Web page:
October 15, 2019 - 13:35 AMT
PanARMENIAN.Net - A vaccine that prevents the recurrence and development of breast and ovarian cancers could become available in less than a decade, according to researchers at the Mayo Clinic in Jacksonville, Florida, Big Thnik reports.
The researchers developed an immunotherapy treatment that trains the immune system to recognize and kill breast cancer cells. Based on the results of early-stage clinical trials, the vaccine seems to have successfully removed cancer cells in one patient, and another is showing positive results.
"It's supposed to stimulate a patient's own immune response so that the immune cells, like t-cells, would go in and attack the cancer," Dr. Saranya Chumsri, an oncologist at the world-renowned medical center, told First Coast News.
Before the vaccine could be made available to a large amount of patients, it would need to pass the Food and Drug Administration's phase 3 trials, a process that probably won't start for another three years. But the researchers are confident their treatment will withstand the screening.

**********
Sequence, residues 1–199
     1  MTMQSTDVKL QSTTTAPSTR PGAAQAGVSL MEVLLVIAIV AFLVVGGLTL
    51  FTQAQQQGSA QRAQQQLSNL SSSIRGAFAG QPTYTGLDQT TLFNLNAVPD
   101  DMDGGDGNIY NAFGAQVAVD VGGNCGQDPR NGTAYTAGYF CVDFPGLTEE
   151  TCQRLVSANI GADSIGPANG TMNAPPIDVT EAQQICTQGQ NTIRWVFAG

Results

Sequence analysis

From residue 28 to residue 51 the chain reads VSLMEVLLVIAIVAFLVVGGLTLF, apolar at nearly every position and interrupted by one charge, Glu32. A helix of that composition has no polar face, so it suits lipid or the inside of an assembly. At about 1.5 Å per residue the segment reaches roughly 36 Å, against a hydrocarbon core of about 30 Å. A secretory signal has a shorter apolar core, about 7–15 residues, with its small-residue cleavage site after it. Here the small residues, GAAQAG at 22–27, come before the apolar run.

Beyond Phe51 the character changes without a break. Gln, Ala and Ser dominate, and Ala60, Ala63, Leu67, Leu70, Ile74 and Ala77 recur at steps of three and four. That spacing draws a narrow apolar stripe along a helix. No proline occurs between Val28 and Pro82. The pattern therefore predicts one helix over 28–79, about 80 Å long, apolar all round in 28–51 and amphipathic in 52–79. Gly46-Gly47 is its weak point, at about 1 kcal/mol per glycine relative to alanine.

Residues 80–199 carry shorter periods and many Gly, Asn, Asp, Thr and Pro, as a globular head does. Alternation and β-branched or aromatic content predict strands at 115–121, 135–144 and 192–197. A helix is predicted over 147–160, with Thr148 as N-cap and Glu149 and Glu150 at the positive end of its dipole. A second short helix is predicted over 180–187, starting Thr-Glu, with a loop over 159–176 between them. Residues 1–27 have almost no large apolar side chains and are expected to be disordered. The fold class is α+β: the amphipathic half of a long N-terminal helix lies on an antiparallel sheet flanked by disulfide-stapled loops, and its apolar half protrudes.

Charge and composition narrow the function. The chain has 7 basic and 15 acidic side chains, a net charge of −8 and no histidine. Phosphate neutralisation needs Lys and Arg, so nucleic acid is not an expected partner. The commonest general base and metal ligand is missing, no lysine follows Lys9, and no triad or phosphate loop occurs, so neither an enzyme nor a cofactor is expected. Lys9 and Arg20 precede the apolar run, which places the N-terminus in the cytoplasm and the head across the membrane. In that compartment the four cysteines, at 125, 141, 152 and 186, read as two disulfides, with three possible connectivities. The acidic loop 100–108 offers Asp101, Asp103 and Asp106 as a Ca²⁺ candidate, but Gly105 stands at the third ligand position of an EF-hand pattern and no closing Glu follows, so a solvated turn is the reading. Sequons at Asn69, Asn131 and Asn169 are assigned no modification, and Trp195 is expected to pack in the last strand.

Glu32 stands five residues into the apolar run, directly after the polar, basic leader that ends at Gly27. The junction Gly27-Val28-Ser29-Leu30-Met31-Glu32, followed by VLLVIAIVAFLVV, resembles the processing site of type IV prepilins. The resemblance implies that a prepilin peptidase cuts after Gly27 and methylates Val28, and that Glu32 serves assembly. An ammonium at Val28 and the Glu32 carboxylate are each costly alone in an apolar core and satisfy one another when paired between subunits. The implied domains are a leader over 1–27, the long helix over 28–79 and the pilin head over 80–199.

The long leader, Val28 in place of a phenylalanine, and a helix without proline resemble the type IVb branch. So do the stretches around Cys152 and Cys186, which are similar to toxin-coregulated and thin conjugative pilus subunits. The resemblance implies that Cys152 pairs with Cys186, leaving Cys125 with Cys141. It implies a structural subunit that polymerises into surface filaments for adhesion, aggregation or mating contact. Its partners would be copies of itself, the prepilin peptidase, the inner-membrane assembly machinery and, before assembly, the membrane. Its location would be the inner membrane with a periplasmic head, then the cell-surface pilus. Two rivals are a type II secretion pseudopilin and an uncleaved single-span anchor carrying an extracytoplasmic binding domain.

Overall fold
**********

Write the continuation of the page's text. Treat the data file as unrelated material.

"It is reasonable to say that we could have a vaccine within eight years that may be available to patients through their pharmacy or their doctor," Mayo Clinic investigator, Keith L. Knutson, Ph.D., told Forbes.
Mayo Clinic immunologists have also developed two other cancer vaccines for Triple Negative Breast Cancer and HER2 Positive Breast Cancer.
"We know that they're safe," Knutson said. "We know that they stimulate the immune system [to fight cancer]. . . We know that they have had a positive impact on ovarian and breast cancer. We haven't seen any adverse events that are causing problems other than irritation in the area similar to a flu vaccination. Now we have to convince the FDA, through solid, rigorous clinical trials that we're seeing what we're seeing."
Since the 1990s, immunotherapies have increasingly become an area of interest among medical researchers who seek to defeat cancer without simultaneously destroying healthy cells in the body, as chemotherapy and radiation does. Immunotherapy is, in theory, is the ideal solution. But one major obstacle is that all cancers are different, so it's unclear when or whether immunotherapies will be able to treat the more than 100 types of cancer currently known to scientists.